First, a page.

At a Theater Near You: The Massachusetts Summer Film Fests
Summertime is upon us! While most New Englanders head to the Cape, the North Shore or other beach destinations, we cinephiles take our summer escapes via the indoor adventures offered up on the silver screen during the annual summer film festival season.
As Program Director at the LEF Foundation, a Cambridge-based foundation that supports documentary filmmakers throughout New England, I’m fortunate to have good cause to travel to many of these events. The films I see at these festivals truly feel like discoveries. Some lucky ones may make it to the theaters, while others may become available down the road on VOD or Netflix. But there is nothing quite like going to the movies; getting lost in the wonderment of a well-told, artful story; and then sharing in conversation with the artists who made this magic happen.
For me the festival experience is about community. It’s about filmmakers and film lovers coming together to celebrate the art that sustains our souls. I would love to invite you, dear reader, into this world. In that spirit, I humbly submit a collection of some of my favorite festivals in Massachusetts (and a little beyond) that I loyally attend, some that are on my “must see” list for this summer, and one that I curate!
(By no means a comprehensive list, in order chronologically by start date.)
Berkshire International Film Festival
http://www.biffma.com/ / May 31 – June 3
If you need yet another reason to take in the beauty and culture of the Berkshires, now you now have the Berkshire International Film Festival to lure you. This year’s program features some of the festival hits of the past year, including the highly regarded documentaries AI WEIWEI: NEVER SORRY, HOW TO SURVIVE A PLAGUE, THE ISLAND PRESIDENT, and 2012 Sundance Opening Night Narrative film HELLO I MUST BE GOING. A real coup for the festival this year is their special screening of the award-winning documentary MARINA ABRAMOVIC: THE ARTIST IS PRESENT. This film follows the controversial performance artist Marina Abramovi? as she prepares for the most important moment of her life: a major retrospective of her work at New York’s Museum of Modern Art. Ms. Abramovi? is known for her provocative use of her own body as her primary medium, challenging all who encounter her performances to ask, “What is art?” So what’s the coup? Artist Marina Abramovic, Director Matthew Akers and Producers Jeff Dupre and Maro Chermayeff will be present for a Q&A immediately following the film. I would love to be there for that discussion!
http://www.thedocyard.com / Every other Monday from June 4th through August 27th.
Forgive me for this personal plug, but I would be remiss were I not to mention the series that I curate at the Brattle Theatre with my colleagues Ben Fowlie and Sean Flynn. The DocYard is a bi-weekly film series featuring what is inspiring and innovative in nonfiction cinema. We curate this series with the documentary enthusiast in mind. What are the new approaches to the form? What films are breaking boundaries in terms of access to the subject, cinematography, or artistry? What films by the master doc makers, many of them from New England, should we be revisiting and why? Conversation is a key piece to the success of our series (now in its third year). For each event, we bring the directors in to talk about their work. Our focus is not only in celebrating the film, but analyzing it. In the audience you’ll find fans of the form, students, and Boston-based filmmakers. We aim for a salon-like feel with a cocktail party after each screening! We have a fantastic summer lined up including LOW & CLEAR (about a friendship born of fly-fishing), TCHOUPITOULAS (a night in New Orleans as seen through the eyes of 3 young boys), and DEAR MANDELA (the shantytowns of South Africa challenge their government in court!). This summer, The DocYard is also saluting POV, the longstanding PBS documentary showcase, now celebrating its 25th year. We will be showing 2 POV films this summer (MY REINCARNATION and GIVE UP TOMORROW) and hosting a party featuring all area filmmakers who have shown their work on the program.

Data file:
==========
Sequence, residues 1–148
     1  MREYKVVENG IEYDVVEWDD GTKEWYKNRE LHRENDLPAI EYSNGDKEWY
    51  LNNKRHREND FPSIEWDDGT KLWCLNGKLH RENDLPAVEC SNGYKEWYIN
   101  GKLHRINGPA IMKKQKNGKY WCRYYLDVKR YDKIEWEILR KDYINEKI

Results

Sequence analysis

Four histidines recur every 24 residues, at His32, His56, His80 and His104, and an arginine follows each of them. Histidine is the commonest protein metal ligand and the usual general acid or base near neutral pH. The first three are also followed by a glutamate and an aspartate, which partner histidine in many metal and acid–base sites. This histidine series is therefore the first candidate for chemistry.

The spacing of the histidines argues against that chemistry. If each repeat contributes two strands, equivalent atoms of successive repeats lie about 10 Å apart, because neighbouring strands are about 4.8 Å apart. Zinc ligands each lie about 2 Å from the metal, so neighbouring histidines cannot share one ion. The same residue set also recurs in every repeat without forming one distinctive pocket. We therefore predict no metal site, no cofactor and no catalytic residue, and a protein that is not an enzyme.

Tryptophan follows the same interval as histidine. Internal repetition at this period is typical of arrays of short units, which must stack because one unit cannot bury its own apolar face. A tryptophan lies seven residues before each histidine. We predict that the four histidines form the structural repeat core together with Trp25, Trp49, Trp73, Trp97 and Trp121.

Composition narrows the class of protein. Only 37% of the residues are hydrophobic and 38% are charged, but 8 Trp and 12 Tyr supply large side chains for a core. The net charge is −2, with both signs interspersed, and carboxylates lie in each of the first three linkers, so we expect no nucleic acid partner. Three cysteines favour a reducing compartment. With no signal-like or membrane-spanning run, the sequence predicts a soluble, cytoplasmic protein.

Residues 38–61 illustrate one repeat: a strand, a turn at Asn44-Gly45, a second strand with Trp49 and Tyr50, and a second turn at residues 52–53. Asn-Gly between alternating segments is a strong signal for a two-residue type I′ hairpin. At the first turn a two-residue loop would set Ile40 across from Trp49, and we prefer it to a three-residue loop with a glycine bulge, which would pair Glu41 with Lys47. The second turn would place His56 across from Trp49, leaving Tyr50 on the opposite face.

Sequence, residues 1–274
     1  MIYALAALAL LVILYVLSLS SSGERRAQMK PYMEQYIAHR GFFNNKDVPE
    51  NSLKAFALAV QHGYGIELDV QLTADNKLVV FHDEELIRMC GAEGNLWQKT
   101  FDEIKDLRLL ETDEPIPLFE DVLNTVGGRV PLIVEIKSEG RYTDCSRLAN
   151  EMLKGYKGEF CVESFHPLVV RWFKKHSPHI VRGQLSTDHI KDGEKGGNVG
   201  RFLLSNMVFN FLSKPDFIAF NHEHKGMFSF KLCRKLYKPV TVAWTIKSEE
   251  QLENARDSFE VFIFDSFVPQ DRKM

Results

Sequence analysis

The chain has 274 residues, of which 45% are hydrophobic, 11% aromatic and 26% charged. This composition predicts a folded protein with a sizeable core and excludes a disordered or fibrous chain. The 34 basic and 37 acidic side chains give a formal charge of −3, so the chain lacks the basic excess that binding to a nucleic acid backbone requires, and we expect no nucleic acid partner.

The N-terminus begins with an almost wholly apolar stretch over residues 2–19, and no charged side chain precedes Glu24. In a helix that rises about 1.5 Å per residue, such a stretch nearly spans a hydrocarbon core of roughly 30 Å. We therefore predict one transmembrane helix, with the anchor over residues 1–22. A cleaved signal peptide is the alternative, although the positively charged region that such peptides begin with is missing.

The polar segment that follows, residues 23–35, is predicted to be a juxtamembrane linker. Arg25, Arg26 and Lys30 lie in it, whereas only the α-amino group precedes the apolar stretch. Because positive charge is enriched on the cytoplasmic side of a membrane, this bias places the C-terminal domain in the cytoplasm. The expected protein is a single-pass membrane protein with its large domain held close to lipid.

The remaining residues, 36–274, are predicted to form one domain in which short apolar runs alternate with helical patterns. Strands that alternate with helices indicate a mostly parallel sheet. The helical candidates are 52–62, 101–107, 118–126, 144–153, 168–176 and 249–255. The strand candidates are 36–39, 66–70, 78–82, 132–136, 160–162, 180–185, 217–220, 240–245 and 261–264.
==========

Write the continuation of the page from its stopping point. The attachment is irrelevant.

Provincetown Film Festival
http://www.ptownfilmfest.org/ / June 13 – 17
I cannot believe that I have never been to this festival. It’s clear this needs to change this summer! The Provincetown Film Festival promises 5 days of great cinema with a well-rounded schedule of narrative, docs and shorts. I love that they make it a point to connect the festival to Provincetown’s diverse history as “an arts colony, Portuguese fishing village, and gay and lesbian mecca.” You can see this reflected in this year’s programming with a great mix of films including a documentary on Portuguese fado music (HEAVEN’S MIRROR, directed by Joshua) and a 20th anniversary special screening of SWOON, the Tom Kalin feature debut that signaled a wave of independent filmmaking by gay and lesbian artists, aka the New Queer Cinema. Provincetown is also notable for its annual “Filmmaker on the Edge Award.” Through this program, the festival honors artists for their ability to continually innovate the form. Todd Haynes, John Waters, Jim Jarmusch, Christine Vachon, and Darren Aronofsky are just a handful of the people they have celebrated. It’s like Provincetown went searching for a list of my favorite filmmakers and then decided to give them each awards! This year’s honoree is the amazing Roger Corman. Roger Corman IS independent cinema. He invented the biker movie (WILD ANGELS), created instant cult classics (ROCK AND ROLL HIGH SCHOOL), and discovered some of the greatest talents of our time (Jack Nicholson, Robert DeNiro, Martin Scorsese, and Ron Howard to name a few). With 50 years of filmmaking behind him, he’s still on the edge. Great to see him honored here.
A side note: If you go to the festival this year, DO NOT MISS Gimme the Loot. This film about the adventures of two teenage graffiti-writers has been tearing up the film festivals, capturing hearts all over the world. Make sure yours is one of them!
Roxbury International Film Festival
http://roxburyfilmfestival.org/ / June 14 – 17